In the past, Medicare has covered antismoking counseling only for those who have already developed health problems from tobacco use. These sessions require a 20 percent copayment and are subject to the annual Part B deductible.
But the new benefit at last puts the horse before the cart: It's for people who have no symptoms of tobacco-related diseases but want to quit smoking before it harms their health. And there's no copay or deductible for this counseling, provided that you see a doctor or other qualified practitioner who accepts the Medicare-approved payment as full reimbursement.
Among the 46 million Americans who smoke, about 5.5 million are Medicare beneficiaries, according to the Department of Health and Human Services. And a recent CDC study (PDF) found that more than 50 percent of smokers age 65 and older said they wanted to stop completely.
Tobacco use is the leading cause of preventable illness, responsible for an estimated one-fifth of deaths in the United States each year, and by 2015 it will have cost Medicare $800 billion over a 20-year period, according to an estimate by the Centers for Disease Control and Prevention.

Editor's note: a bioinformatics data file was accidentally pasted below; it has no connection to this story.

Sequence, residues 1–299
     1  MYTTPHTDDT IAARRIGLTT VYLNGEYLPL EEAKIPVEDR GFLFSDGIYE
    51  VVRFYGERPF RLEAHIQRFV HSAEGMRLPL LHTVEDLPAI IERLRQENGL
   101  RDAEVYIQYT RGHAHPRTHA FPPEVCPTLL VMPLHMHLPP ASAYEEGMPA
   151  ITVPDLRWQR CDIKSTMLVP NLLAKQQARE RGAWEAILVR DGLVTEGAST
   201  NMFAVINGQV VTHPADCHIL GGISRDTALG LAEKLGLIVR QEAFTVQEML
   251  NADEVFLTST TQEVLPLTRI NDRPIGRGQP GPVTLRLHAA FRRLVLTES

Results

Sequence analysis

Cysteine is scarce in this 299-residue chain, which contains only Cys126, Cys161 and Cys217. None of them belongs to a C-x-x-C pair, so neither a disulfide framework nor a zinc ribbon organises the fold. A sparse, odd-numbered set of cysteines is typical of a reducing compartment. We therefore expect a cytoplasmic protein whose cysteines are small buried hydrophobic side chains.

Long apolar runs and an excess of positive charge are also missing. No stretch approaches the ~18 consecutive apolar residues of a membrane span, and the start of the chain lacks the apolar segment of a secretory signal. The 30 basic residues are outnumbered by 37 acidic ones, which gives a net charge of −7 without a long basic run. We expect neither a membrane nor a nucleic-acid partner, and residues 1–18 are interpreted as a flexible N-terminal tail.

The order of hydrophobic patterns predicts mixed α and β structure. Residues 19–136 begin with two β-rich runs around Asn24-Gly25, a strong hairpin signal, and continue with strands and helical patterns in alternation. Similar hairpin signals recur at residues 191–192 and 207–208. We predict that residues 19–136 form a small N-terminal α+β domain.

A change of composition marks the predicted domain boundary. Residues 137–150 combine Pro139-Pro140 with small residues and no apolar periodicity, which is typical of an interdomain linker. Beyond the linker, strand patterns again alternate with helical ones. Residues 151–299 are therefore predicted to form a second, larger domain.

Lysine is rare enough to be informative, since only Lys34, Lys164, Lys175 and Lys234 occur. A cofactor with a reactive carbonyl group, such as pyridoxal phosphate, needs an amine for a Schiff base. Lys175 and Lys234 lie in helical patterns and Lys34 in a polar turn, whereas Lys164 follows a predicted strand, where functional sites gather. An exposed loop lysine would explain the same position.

The new coverage allows up to two "quit-smoking" attempts a year, and each attempt includes up to four counseling sessions — a total of eight in any 12-month period. So if you have the first session in March, for example, and the next seven sessions don't break your habit, you can start another attempt the following March and have up to seven more sessions over the next 11 months, and so on.
What happens in these sessions? Medicare officials haven't released specifics, but recommend that doctors follow the "5-A" approach formulated by the federal government 11 years ago: ask patients about their smoking habits; advise them to quit; assess their willingness to quit; assist their attempts to quit; and arrange follow-up.
To help the process, doctors also may prescribe one of seven antismoking drugs currently approved by the Food and Drug Administration. These medications are covered under the Medicare Part D drug program.
Research shows that either counseling or medications are effective in helping people to quit smoking. "But what is most effective is when you combine the two," says Michael C. Fiore, M.D., professor of medicine and director of the Center for Tobacco Research and Intervention at the University of Wisconsin. "That's why Medicare now covering counseling is so important."